Outlaws: The Legend of O.B. Taggart (1995)

R   |    |  Western


Outlaws: The Legend of O.B. Taggart (1995) Poster

After many years in prison, a changed robber comes home to see his sons again, one of them brain-damaged. Due to many misfortunate events and terrible tragic misunderstandings, they go on the run, leaving a bloody trail wherever they go.


5.5/10
64

Add Image Add an image

Do you have any images for this title?

Get More From IMDb

For an enhanced browsing experience, get the IMDb app on your smartphone or tablet.

Get the IMDb app

Reviews & Commentary

Add a Review


User Reviews


29 January 2017 | shpoo-1
1
| Watch this film, lose 90 minutes of precious life..
...or lose 2 and a half hours with commercials - probably the best way to go because you'll need to regain your equilibrium fairly frequently. This film has to be seen to be believed, and yet it's very, very difficult to watch with any degree of attentiveness.

Despite an interesting cast of well-known names, it's pretty dismal, even for light entertainment. We have to suspend enough disbelief to accept a 74-year-old Mickey Rooney's portrayal of a grizzled gunfighter as he waddles around in 20 layers of wardrobe apparently stolen from 'Fiddler on the Roof', spewing obscenities though caramel-corn teeth. Watch as men twice his size and half his age cower before his dangerous might...In fact, watch as a man half his size cowers, too (Billy Barty as 'Piggy', a typically humiliating role).

I was particularly saddened by the appearances of film greats Ben Johnson and Ernest Borgnine, who both appeared to be too exhausted from years of scenery-chewing to do anything but phone in their performances (did Mickey Rooney really write that dialogue?!?). And you gotta love Ben's flowery orchid scarf, perched on top of his elderly girth like an exclamation point. Jack Lord would be proud.

Laughably, Mickey has 3 strapping, handsome grown sons: two ably played by singers Larry Gatlin and Randy Travis, the third - the 'slow' one' aptly named 'Slocum' - is Nick Guest, fresh from his triumph as the Dad in Aerosmith's "Jamie's Got A Gun" video. A few more people pop up - Gloria DeHaven has to rub Mickey's feet; Ned Beatty has a daughter violated by Slocum - and after a predictable plot about buried loot and family loyalties, and more capering by Billy Barty, the movie ends on a tragic note with an artsy freeze frame as Mickey's voice echoes into eternity and we all look on in disappointment. Mind you, this review is coming from a longtime Rooney fan; rank and file viewers will be most likely be disappointed to an even greater degree (if humanly possible).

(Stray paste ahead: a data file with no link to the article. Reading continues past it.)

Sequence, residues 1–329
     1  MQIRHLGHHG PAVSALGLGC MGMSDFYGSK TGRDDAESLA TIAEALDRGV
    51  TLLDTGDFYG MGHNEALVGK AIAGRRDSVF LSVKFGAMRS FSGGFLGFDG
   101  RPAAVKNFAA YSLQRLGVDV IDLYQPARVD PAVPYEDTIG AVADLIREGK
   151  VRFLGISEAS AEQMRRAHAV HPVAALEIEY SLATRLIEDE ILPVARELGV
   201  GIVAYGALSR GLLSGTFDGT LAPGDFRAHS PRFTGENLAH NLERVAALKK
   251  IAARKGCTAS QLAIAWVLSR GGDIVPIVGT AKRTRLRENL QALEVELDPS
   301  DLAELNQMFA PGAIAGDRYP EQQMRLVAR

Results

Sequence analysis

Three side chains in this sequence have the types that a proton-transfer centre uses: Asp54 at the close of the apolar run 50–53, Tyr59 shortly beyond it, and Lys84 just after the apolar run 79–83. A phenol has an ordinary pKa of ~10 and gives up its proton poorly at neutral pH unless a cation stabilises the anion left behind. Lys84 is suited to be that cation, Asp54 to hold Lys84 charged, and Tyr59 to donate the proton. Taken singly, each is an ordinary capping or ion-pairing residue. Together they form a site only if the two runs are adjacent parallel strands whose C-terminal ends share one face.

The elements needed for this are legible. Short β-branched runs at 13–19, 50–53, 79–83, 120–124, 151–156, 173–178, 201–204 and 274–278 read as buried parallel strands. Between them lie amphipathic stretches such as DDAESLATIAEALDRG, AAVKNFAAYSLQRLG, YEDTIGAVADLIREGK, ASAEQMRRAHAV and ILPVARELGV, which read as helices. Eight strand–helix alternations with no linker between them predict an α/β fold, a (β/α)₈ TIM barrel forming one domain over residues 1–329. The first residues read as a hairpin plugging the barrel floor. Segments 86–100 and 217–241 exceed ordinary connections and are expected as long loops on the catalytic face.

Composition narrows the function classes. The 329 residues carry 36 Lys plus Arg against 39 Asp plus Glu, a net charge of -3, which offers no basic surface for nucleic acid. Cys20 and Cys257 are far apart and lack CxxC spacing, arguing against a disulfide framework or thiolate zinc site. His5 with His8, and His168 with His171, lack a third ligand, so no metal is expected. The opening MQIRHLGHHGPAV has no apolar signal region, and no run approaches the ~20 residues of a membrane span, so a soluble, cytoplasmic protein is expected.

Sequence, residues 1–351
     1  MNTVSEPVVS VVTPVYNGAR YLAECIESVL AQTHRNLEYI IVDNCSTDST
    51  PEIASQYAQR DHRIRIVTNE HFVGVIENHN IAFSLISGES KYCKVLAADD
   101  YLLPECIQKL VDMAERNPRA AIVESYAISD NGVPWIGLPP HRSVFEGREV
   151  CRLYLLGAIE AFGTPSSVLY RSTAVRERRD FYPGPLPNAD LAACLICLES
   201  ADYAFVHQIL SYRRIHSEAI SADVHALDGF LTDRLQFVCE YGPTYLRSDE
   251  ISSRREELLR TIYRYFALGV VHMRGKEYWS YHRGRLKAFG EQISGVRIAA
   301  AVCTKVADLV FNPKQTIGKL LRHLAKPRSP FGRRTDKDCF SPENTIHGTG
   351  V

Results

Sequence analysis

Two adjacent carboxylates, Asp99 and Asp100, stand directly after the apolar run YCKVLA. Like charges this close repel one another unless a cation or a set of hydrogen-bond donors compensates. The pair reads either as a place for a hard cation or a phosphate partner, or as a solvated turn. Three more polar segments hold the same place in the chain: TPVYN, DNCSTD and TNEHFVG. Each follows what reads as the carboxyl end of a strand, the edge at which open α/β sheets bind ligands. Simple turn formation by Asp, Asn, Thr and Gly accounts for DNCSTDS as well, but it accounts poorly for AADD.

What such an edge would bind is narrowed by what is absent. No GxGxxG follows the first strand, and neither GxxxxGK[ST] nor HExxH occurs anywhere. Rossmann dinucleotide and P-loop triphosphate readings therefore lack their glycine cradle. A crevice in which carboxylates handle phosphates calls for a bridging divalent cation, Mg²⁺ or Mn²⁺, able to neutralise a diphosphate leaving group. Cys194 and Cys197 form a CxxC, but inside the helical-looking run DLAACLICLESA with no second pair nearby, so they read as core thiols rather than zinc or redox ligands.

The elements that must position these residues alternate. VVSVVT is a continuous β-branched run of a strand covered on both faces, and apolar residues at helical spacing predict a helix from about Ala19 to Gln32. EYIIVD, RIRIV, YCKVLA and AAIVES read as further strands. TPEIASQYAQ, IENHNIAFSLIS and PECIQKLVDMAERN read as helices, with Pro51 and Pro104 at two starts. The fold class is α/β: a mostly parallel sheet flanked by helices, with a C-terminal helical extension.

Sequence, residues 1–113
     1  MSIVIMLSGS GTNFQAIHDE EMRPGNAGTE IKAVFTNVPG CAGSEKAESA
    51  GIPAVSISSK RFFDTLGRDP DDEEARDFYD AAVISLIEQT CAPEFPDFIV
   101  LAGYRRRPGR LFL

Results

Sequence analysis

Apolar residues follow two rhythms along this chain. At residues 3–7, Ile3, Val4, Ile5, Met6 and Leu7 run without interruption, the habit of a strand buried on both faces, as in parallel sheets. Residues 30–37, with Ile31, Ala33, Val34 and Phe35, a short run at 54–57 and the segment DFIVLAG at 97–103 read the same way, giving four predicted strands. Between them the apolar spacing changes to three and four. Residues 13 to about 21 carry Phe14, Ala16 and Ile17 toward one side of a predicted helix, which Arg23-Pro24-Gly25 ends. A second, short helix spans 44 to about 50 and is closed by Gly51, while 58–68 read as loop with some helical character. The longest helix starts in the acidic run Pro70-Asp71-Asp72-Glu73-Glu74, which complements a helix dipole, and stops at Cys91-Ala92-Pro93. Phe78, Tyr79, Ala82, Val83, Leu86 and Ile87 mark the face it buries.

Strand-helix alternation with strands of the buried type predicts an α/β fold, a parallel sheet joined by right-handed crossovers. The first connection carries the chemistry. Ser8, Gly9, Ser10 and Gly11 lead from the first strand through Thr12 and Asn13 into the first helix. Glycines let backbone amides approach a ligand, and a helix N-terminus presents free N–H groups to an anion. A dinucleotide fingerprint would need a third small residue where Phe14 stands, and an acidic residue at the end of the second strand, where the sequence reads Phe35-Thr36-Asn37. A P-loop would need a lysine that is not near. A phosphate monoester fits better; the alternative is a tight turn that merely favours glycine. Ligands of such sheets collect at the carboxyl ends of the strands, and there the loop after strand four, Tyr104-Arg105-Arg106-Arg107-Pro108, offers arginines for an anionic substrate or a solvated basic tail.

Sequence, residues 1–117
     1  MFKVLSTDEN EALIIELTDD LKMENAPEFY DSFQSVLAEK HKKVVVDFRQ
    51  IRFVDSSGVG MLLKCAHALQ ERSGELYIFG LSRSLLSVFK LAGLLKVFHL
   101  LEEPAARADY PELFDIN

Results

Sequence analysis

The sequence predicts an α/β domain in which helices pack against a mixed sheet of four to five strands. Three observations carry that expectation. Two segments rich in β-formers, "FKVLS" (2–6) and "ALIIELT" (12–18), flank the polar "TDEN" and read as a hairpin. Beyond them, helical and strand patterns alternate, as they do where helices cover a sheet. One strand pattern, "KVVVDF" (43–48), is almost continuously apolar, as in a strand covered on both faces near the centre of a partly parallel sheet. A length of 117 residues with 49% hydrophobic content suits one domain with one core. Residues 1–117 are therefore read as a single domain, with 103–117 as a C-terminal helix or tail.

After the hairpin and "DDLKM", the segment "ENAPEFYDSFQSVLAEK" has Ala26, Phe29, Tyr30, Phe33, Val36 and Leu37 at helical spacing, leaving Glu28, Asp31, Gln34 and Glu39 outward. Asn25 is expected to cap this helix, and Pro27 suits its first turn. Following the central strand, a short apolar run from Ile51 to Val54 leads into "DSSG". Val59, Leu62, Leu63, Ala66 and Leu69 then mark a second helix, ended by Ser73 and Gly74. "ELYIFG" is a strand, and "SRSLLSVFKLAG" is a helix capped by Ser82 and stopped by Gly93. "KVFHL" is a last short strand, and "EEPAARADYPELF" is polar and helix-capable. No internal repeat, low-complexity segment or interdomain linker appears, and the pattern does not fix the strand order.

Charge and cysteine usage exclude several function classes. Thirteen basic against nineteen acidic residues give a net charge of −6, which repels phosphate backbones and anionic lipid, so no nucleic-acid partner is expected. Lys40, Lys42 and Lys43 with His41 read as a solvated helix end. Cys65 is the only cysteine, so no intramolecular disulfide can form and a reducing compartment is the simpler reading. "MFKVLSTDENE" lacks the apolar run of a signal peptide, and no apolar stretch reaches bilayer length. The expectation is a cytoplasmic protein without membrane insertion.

Only really notable for Rooney's incredible resemblance to Yoda, and the fact that even though we see him approach his horse and ride his horse, we never see him actually climb on or off the poor thing...Most likely because this was accomplished off camera by an army of gaffers, grips and riggers, and a block and tackle.

More Like This

Ruby Jean and Joe

Ruby Jean and Joe

Bonanza: Under Attack

Bonanza: Under Attack

The Long Ride Home

The Long Ride Home

Bonanza: The Return

Bonanza: The Return

Champions

Champions

Soggy Bottom, U.S.A.

Soggy Bottom, U.S.A.

My Heroes Have Always Been Cowboys

My Heroes Have Always Been Cowboys

Wild Horses

Wild Horses

Frank & Jesse

Frank & Jesse

The Shooter

The Shooter

Let's Get Harry

Let's Get Harry

Bite the Bullet

Bite the Bullet

Did You Know?

Storyline

Plot Summary


Genres

Western

This Week on TV: "The Flash," "Limetown," and More

Plan your week of TV watching with our list of all the new originals, adaptations, and "double" features you can't miss.

Watch our video

Featured on IMDb

Check out the action from New York Comic Con check out what IMDb editors are watching this month, and more.

Around The Web

 | 

Powered by ZergNet

More To Explore

Search on Amazon.com